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Galician restaurants have had a strong presence in Madrid since the 1950s, when the northwestern region’s economic crisis triggered a solid exodus of people towards industrial Spanish cities. This migratory wave, alongside the fact that Galician gastronomy was (and still is) considered one of the best in the country, meant a boom of new restaurants in the capital.

It was in the 1970s when brothers Francisco and Marcial Javier moved to Madrid from Lugo, an interior city of Galicia known for its Roman walls, rainy weather and rich food. Their restaurant, O Pazo de Lugo, is located just behind the new Reina Sofia Museum building designed by Jean Nouvel, which extended the austere structure of the former hospital site where you can now view famous artworks such as Picasso’s Guernica. This traditional eatery is also a benchmark for the neighborhood, due to its consistent and honest kitchen.

Taking its name from a typical Galician manor house, O Pazo de Lugo is a rustic but elegant tavern where you can taste the wide variety of food that comes from a rich composition of traditions from the sea, countryside and mountains. The inevitable classic here is polbo á feira (fair-style octopus), which is prepared by boiling the octopus in a copper cauldron, dipping it repeatedly until the tentacles curl; then it is cut and served with slightly smashed potato and paprika on a wooden plate. The recipe originates from when fishermen were crossing merchants from Extremadura on their way to sell their wares across the mountain range. The merchants were bringing the spice to Galicia, as it was used for conserving meat during pig-slaughtering season.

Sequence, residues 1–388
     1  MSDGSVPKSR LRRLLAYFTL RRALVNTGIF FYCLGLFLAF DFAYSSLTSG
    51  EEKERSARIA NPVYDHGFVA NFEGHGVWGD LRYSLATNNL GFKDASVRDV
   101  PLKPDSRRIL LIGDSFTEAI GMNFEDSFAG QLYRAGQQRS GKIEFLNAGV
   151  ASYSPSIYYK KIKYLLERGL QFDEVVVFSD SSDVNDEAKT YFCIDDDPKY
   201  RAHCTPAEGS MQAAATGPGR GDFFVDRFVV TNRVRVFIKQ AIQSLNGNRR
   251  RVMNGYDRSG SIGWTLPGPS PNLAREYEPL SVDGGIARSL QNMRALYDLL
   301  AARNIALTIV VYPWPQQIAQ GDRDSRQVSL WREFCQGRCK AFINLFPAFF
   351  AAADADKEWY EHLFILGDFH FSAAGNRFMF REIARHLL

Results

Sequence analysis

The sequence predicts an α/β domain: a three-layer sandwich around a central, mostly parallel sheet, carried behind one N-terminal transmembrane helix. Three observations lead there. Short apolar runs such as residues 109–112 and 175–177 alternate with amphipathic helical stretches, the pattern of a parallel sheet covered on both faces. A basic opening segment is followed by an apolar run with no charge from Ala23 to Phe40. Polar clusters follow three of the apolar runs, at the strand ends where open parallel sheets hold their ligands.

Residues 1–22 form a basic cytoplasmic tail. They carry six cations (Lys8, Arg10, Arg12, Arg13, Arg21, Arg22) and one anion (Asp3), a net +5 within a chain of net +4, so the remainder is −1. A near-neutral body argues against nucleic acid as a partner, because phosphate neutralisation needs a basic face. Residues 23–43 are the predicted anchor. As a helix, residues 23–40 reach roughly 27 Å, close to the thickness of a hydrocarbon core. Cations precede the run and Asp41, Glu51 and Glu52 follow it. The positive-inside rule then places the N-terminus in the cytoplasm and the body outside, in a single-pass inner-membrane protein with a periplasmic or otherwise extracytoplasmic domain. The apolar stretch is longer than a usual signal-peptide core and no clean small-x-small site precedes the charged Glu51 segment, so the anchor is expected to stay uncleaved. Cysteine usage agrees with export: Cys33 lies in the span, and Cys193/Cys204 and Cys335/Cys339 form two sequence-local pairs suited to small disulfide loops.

Curiously, octopus in Galicia is a dish that belongs more inland than to the coast. In the 17th century, this tentacled delicacy was an important bargaining chip: sailors based on the coast were paying their home rent to local monasteries in the interior, sending them the octopus as a tribute. The monks were receiving so many mollusks that local parishes began to sell them in their rural surroundings. Until recent times, octopus with paprika and potatoes was the typical fare of the cattle fairs (from there the name “polbo á feira”).


These days it is still possible to find these kinds of fairs around the Galician countryside – without the animal trading, but still with long tables offering this seafood. The dish is so widespread that octopus is now scarce on the Galician coast. “Most of the octopus consumed in Spain is now fished in Morocco,” says Javier, son of the founder and current manager of the restaurant.

The empanada is another emblematic food belonging to the rural habits of Galicia. This pie can be stuffed with whatever filling, often with onion, peppers and meat or fish. CB tried O Pazo de Lugo’s special codfish and raisin-filled version, cooked in one big slab and displayed on shelves just behind the bar.

Lacón con grelos (pig stew with broccoli rabe), made with the front leg of the pig and chorizo, is consumed especially during the carnival period, the best season for the vegetable that accompany this dish.

“Our restaurant is very enthusiastic about celebrating Galician gastronomy,” says Javier. “This is also why we have such loyal customers, who have been eating here for decades.” With its diverse clientele, O Pazo de Lugo is the perfect spot in Madrid’s cultural heart to savor the greenest and lushest corner of Spain.

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